A hotel security guard in Sydney has contracted Covid-19 from a returned traveller in quarantine and infection-control experts say that as long as the virus rages overseas, “hotel quarantine will remain a source of risk of further outbreaks”, Naaman Zhou reports.
It has been suggested that security guards should now be replaced at hotels by trained nurses.
The New South Wales chief health officer, Dr Kerry Chant, announced on Tuesday that a guard who worked at the Sydney Harbour Marriott hotel in Circular Quay had “most likely” contracted the virus from a traveller from the US, and subsequently worked at a court building, a market and a shopping centre in western Sydney while infectious.
Chant said genomic sequencing showed the strain of the virus the guard had acquired matched the traveller in quarantine. It was different from the clusters in Sydney, including the Crossroads hotel, which have been linked to Melbourne’s second wave.
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South Africa, which has had one of the world’s strictest lockdowns for five months, relaxed its restrictions today to permit the sales of alcohol and cigarettes and other returns to more ordinary life in response to decreasing new cases and hospitalisations for COVID-19.
The country has loosened its regulations to permit the opening of bars, restaurants, gyms, and places of worship, all limited to no more than 50 people. Schools will reopen gradually from August 24, starting with grades 12 and 7 and a phased opening of other grades.
With more than 589,000 confirmed cases, South Africa has more than half of all reported cases in Africa. The 54 countries of the continent reported a total of more than 1.1 million cases on Tuesday, according to the Africa Centres for Disease Control and Prevention, the Associated Press reports.
South Africa has recorded more than 11,900 deaths from COVID-19, while overall the continent has reported just over 25,800 deaths. The actual numbers of cases and deaths are estimated to be much higher, say health experts.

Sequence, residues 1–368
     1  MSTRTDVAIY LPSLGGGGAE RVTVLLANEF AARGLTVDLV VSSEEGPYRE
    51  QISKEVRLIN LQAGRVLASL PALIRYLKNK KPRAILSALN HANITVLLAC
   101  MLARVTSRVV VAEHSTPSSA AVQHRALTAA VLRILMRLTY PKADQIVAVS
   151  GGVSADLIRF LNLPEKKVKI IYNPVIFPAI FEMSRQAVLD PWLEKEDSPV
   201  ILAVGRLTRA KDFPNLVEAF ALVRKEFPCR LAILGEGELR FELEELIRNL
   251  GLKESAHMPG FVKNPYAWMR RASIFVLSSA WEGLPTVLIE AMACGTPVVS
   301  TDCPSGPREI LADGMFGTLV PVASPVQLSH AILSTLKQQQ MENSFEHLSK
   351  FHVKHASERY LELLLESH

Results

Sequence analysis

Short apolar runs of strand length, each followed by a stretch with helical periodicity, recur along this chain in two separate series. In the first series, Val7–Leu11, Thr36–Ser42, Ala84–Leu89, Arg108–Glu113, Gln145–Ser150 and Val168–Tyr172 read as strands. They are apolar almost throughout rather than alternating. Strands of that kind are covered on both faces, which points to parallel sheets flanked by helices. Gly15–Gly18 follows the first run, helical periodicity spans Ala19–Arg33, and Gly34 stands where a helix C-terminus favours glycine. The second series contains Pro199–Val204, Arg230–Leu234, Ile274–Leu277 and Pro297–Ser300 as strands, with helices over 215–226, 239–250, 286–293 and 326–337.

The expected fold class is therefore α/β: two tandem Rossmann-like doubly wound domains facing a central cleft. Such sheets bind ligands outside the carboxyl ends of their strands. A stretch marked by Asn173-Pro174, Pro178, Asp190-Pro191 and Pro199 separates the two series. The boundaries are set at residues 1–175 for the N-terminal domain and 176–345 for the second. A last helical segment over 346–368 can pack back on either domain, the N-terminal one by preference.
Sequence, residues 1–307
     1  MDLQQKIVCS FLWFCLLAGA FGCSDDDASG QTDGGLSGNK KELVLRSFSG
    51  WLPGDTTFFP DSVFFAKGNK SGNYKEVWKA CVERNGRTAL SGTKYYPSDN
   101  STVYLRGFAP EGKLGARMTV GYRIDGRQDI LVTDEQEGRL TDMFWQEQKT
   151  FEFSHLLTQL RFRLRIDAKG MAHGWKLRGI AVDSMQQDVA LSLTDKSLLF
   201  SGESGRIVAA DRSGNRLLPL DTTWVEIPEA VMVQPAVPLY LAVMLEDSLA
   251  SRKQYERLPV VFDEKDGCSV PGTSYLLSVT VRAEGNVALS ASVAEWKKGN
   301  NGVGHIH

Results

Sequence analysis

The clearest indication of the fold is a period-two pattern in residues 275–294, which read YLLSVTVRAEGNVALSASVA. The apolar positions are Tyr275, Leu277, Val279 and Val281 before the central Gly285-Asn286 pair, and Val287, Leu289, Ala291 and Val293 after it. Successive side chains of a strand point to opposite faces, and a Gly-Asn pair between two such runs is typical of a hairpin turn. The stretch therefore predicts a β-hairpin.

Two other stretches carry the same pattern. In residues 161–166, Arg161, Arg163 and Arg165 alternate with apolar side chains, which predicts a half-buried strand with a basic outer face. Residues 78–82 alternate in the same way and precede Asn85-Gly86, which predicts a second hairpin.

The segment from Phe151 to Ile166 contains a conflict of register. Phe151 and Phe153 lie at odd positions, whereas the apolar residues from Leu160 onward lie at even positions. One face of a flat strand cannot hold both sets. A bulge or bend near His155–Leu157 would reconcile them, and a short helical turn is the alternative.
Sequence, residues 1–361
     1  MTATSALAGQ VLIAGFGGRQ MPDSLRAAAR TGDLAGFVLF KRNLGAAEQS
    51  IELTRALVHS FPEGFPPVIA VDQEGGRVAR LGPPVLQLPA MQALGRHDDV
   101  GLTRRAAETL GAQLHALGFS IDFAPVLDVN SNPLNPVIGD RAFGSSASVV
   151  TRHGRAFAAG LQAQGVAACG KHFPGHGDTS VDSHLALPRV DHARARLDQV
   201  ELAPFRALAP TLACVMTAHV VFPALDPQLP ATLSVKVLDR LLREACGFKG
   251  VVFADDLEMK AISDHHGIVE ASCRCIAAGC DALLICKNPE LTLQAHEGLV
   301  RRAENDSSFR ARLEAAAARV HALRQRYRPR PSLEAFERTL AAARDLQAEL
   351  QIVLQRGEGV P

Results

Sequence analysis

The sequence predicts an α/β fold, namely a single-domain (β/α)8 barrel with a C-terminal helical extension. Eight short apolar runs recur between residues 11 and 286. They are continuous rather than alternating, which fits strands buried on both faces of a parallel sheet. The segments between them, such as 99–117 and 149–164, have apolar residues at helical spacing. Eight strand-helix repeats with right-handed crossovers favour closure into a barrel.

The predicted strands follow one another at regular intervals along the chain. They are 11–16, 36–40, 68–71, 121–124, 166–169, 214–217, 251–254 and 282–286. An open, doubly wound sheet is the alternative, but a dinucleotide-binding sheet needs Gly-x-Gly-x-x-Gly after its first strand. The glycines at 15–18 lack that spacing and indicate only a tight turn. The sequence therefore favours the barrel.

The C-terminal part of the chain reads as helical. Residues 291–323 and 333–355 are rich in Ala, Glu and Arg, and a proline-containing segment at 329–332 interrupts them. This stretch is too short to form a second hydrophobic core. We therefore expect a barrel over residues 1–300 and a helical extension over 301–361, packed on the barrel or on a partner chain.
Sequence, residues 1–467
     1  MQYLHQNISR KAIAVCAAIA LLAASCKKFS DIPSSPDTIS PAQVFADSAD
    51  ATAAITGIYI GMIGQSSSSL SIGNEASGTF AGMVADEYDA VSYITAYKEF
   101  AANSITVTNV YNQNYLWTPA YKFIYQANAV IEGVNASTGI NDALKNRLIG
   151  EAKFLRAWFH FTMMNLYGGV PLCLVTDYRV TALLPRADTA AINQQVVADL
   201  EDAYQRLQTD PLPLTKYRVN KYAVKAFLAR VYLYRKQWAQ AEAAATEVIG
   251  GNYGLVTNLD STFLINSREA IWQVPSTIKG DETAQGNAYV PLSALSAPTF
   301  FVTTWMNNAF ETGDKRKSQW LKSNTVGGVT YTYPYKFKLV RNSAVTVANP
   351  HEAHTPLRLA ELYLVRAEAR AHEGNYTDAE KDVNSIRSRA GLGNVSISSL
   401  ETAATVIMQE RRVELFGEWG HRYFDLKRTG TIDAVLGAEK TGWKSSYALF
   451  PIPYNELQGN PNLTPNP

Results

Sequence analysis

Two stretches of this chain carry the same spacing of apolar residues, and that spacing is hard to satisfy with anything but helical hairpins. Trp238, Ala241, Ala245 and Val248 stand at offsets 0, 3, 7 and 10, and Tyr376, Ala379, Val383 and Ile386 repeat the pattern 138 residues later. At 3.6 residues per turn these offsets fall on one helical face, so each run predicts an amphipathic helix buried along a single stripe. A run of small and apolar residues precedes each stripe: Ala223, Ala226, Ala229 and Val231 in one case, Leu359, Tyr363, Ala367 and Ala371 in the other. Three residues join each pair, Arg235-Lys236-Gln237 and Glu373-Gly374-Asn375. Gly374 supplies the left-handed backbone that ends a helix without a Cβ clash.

South Africa’s new confirmed cases have dropped from an average of 12,000 per day at the peak in July to less than 5,000 per day last week.
Infection being spread by ‘unaware’ younger people, WHO warns
The World Health Organization has warned that Covid-19 is now being spread mainly by people in their 20s, 30s and 40s who may be unaware they are infected, potentially transmitting the disease to more vulnerable groups.
In a virtual briefing, the WHO’s western Pacific regional director, Dr Takeshi Kasai, said:
The epidemic is changing … People in their 20s, 30s and 40s are increasingly driving the spread. Many are unaware they are infected. This increases the risk of spillovers to the more vulnerable.
Surges have been reported in countries that appeared to have the virus under control, including Vietnam, which until recently went three months without domestic transmission due to its aggressive mitigation efforts, Reuters reported.
“What we are observing is not simply a resurgence. We believe it’s a signal that we have entered a new phase of pandemic in the Asia-Pacific,” Kasai said.
Indonesia has reported 1,673 new coronavirus infections, bringing the total number of cases in the south-east Asian nation to 143,043, data from the country’s health ministry showed. The data recorded an additional 70 deaths, taking the total to 6,277.
These look like scenes of yesteryear but thousands of people packed out a water park in Wuhan, China, over the weekend as much of the rest of the world remained under lockdown restrictions.